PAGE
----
Hybrid vans: all you need to know
If you’re thinking that only cars are going electric these days, you'd be mistaken. The whole automative industry, from large HGVs to motorcycles, is eyeing or experimenting with electrical powertrains – and light-goods vehicles (LGVs, or vans) are no different.
There are already a few fully electric vans on sale or coming soon. However, because of the long mileages covered and amount of time these vehicles have to spend on the go in cities and town centres, hybrid vans are also being developed.
Today, that most iconic of British vans, the Ford Transit, can now be purchased as a plug-in hybrid (above). Read on to find out the benefits of hybrid vans, and why the industry is slowly moving towards them.
What is a hybrid van?
Much like a hybrid car, a hybrid van or a hybrid light-goods vehicle is powered by two different sources. Most often this is a combination of a petrol engine and an electric motor – the latter powered by a battery.
Currently, manufacturers are focusing on range extenders and plug-in hybrid models. Here, the petrol engine is either solely used to recharge the batteries, or acts as a back-up to drive the wheels when the battery runs out of power.
The Transit PHEV uses the company’s 1.0-litre three-cylinder EcoBoost as a range extender for its lithium-ion battery that sits between the front and rear axles. The petrol engine is there solely to boost the car’s battery. Ford says the Transit PHEV has an electric range of 31 miles, boosted to 310 miles thanks to the 1.0-litre petrol unit.
The Transit PHEV is the first plug-in hybrid commercial vehicle from a volume manufacturer. Before it was put into production line, Ford conducted a 12-month trial with 20 vans loaned to various businesses. Companies and organisations that took part included parcel delivery firm DPD, British Gas, Transport for London and even the Metropolitan Police.
Another firm preparing a plug-in hybrid electric van is LEVC, the London Electric Vehicle Company. Its PHEV van (pictured above) is based on the LEVC London Taxi, using the same 1.5-litre three-cylinder petrol engine sourced from Volvo, with an additional electric motor used to power the rear wheels.
Although LEVC hasn’t released any performance figures for its PHEV van, the taxi has an 80-mile electric range, boosted to 400 miles with the 1.5-litre petrol unit that acts as a range extender.
What are the benefits of a hybrid van?
London alone sees 280,000 commercial journeys made every day, thanks to the growth in online shopping. In congested cities with a lot of stop-start traffic, a hybrid van is ideal, as braking helps recharge the batteries, thus saving fuel. They also improve the air quality in city and town centres.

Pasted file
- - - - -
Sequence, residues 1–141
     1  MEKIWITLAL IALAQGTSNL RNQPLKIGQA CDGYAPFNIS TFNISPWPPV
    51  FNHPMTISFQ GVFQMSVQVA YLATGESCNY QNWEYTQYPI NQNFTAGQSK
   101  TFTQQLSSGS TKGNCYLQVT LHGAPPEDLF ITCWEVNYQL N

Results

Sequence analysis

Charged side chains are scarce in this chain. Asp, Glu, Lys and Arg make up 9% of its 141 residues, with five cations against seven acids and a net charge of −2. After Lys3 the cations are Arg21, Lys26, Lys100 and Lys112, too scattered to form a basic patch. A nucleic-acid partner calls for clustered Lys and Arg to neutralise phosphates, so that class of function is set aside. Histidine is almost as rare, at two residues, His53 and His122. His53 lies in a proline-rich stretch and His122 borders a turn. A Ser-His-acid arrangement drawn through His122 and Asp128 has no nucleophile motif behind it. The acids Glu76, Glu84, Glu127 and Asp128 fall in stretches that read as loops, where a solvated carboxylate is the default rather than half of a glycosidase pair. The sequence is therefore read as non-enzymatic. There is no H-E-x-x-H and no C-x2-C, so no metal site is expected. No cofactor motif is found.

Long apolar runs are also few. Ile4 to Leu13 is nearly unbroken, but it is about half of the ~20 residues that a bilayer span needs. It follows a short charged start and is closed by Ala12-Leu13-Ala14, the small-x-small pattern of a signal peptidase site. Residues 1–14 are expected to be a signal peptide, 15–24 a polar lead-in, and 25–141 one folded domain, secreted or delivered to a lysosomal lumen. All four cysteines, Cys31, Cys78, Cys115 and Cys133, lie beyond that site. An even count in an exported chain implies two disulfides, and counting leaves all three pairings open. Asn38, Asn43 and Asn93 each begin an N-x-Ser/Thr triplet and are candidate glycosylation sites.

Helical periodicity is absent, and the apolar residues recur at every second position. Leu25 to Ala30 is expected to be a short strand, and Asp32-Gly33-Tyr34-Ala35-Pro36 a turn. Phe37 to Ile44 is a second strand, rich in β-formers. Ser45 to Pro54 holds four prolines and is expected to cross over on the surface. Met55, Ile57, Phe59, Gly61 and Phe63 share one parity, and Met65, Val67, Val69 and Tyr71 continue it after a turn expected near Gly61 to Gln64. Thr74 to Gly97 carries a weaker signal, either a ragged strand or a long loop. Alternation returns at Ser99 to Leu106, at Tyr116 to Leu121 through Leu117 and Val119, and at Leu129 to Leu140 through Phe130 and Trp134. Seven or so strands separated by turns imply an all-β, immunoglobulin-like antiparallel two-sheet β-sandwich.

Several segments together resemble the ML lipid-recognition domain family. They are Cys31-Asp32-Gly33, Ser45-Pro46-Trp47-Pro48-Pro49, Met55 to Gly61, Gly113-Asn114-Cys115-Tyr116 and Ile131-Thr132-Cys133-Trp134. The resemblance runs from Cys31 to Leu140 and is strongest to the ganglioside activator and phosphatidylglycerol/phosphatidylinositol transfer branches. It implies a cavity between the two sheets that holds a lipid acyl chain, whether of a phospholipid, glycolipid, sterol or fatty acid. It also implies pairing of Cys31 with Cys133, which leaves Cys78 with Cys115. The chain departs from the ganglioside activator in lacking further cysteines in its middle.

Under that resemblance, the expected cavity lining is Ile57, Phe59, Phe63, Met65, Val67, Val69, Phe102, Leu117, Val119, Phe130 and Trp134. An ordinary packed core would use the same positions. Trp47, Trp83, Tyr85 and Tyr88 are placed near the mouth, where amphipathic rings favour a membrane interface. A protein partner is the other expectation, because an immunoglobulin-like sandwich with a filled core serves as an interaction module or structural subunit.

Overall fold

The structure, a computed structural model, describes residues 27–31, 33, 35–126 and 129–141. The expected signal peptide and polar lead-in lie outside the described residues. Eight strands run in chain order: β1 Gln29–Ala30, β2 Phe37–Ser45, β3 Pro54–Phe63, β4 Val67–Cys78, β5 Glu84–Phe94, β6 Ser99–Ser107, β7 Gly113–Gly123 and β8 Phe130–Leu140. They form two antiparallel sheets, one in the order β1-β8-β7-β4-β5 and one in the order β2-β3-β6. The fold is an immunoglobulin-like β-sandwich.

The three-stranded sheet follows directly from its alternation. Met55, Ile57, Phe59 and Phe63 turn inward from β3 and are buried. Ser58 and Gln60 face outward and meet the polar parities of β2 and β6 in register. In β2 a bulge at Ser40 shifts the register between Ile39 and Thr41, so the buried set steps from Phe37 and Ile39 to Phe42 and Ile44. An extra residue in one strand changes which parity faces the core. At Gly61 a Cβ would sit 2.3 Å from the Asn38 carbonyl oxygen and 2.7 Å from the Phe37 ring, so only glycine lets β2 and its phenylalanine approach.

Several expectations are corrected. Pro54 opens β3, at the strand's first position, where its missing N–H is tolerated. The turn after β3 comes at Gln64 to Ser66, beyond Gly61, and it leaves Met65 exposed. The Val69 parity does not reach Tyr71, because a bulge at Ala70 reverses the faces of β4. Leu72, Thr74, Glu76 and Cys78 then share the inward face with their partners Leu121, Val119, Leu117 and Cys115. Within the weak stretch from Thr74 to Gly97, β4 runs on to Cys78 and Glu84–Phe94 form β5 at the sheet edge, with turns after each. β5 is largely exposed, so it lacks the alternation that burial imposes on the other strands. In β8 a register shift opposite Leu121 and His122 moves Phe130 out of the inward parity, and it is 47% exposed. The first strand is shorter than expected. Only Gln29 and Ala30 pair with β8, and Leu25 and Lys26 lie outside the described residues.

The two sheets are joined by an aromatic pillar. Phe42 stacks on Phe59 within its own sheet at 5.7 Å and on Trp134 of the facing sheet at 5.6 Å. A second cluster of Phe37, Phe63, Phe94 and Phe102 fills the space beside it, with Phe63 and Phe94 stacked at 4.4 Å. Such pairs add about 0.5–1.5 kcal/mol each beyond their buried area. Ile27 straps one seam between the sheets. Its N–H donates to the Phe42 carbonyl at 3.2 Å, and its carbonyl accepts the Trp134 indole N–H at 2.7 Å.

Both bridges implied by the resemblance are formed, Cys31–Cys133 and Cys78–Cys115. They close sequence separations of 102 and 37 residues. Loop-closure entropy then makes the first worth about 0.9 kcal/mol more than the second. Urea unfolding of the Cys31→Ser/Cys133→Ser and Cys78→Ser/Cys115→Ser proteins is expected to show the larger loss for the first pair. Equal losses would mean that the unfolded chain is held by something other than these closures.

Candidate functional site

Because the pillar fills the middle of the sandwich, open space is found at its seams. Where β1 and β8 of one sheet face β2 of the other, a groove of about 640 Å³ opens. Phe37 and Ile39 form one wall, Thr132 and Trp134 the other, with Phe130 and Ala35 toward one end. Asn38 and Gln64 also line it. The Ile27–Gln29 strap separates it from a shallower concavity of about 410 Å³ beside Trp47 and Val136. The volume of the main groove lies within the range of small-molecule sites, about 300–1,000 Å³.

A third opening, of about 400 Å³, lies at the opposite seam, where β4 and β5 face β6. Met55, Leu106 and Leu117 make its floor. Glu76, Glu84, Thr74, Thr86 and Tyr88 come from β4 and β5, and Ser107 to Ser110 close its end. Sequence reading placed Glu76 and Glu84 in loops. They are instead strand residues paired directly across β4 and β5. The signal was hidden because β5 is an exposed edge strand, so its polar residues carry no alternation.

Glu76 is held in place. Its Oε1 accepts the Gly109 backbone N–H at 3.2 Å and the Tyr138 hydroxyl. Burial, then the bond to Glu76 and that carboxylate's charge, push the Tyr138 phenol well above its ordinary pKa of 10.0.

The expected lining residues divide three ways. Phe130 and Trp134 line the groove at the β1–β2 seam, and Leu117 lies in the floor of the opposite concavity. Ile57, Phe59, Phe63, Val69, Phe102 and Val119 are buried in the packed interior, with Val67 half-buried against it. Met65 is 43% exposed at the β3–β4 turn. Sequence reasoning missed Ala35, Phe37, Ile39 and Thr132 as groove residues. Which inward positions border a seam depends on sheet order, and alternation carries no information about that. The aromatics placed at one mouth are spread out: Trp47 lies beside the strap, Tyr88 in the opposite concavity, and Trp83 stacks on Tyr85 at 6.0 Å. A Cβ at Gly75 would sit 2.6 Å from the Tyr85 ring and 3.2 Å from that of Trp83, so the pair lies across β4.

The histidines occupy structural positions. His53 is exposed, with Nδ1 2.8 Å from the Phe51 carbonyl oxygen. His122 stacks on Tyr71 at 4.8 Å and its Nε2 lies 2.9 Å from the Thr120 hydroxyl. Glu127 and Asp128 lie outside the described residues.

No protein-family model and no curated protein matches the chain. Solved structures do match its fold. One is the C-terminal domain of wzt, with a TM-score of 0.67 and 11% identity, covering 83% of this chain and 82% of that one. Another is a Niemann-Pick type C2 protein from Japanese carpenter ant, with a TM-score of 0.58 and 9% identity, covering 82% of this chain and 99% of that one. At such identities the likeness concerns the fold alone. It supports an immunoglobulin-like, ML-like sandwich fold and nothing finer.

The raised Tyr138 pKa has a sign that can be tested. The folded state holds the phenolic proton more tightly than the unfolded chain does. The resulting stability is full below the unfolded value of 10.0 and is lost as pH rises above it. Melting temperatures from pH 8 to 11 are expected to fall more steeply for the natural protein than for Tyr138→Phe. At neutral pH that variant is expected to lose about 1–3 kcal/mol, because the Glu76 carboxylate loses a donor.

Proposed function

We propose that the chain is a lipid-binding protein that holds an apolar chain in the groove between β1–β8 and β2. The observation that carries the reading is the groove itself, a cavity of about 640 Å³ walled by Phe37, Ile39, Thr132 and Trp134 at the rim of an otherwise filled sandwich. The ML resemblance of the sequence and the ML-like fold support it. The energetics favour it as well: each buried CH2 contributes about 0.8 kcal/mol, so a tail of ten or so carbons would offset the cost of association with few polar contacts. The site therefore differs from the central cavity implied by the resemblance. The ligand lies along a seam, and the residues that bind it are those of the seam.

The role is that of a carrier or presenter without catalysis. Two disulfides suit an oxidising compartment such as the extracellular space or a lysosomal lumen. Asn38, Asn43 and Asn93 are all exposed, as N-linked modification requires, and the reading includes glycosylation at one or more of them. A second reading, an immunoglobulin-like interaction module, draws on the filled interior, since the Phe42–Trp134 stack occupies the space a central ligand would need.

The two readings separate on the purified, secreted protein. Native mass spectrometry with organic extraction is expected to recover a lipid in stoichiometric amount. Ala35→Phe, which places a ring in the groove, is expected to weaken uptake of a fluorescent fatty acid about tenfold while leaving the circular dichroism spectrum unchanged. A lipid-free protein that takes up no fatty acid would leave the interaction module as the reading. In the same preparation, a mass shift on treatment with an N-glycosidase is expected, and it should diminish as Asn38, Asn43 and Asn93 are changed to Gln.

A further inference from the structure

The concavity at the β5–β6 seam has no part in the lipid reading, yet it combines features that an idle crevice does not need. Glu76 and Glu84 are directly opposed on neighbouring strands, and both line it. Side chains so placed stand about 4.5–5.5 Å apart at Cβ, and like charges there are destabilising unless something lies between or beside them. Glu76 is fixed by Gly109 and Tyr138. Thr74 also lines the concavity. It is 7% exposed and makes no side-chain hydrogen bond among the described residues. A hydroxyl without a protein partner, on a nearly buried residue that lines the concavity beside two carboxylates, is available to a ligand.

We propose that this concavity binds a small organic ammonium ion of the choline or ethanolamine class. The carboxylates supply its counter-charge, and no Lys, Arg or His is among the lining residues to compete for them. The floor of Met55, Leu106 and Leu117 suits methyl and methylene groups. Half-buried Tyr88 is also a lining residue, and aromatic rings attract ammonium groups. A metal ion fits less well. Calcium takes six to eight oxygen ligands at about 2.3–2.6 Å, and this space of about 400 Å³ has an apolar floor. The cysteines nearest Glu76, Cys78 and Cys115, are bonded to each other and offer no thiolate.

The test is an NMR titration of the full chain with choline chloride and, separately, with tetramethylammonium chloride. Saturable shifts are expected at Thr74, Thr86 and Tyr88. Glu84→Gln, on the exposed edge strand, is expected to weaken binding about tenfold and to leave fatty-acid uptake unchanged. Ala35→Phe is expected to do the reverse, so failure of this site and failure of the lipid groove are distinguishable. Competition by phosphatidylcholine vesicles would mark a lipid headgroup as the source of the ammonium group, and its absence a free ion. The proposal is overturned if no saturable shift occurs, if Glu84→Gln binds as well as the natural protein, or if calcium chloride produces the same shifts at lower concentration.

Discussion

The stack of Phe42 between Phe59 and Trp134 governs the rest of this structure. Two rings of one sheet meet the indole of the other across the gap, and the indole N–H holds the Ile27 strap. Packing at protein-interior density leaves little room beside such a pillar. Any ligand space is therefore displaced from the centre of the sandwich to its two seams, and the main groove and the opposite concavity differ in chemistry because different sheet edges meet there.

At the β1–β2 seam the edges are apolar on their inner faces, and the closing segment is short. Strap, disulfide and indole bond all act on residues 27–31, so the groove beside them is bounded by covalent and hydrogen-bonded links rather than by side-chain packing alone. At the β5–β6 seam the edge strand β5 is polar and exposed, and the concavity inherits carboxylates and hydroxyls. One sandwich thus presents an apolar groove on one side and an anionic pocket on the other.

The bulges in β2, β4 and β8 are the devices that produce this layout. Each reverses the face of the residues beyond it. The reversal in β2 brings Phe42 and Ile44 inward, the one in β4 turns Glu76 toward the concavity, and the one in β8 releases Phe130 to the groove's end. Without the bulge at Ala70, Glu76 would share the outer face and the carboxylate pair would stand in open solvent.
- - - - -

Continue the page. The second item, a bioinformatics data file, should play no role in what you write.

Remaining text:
As long as hybrid vans emit less than 75g/km CO2, they're Congestion-Charge-exempt in London. They don't have to pay to enter the capital's Ultra Low Emission Zone (ULEZ), either. Other UK cities are looking at bringing in similar measures, most hybrid vans should remain exempt for some time to come.
Even better are features such as the geofencing technology on the Transit PHEV. When the vehicle recognises it’s in a low-emissions zone, it can be configured to automatically switch to pure-electric mode and shut off the internal-combustion engine (as long as it has the range to do so), helping improve air quality in cities. Fleet managers can set up their own geofences too, while also keeping track of their drivers' location and driving style.
Hybrid vans also benefit from the Government’s plug-in van grant. At the time of writing, this stands at up to 20% of the van’s purchase price, with a ceiling of £8,000. Hybrid vans generally have a higher payload than fully electric vans, as they have smaller batteries. This means they’re able to transport more goods, and need to make fewer trips than their fully electric counterparts.
Why is the industry moving towards hybrid vans?
One of the big reasons for the shift towards hybrid and electric vans is the pledge made by the UK Government in 2017. The Department for Transport announced it would ban the sale of all non-hybrid vehicles, including cars and vans, by 2040. Then in 2020, this proposed ban was brought forward to 2035 and includes the sale of all new hybrids, too.
Another reason is the tax and running-costs improvements hybrid vans bring. The current 2.0-litre diesel-engined Ford Transit emits 180g/km of CO2, meaning fleet owners or individuals pay £830 in first-year tax. Emissions below 75g/km, as achieved by the Transit PHEV, mean a first-year tax rate of just £25.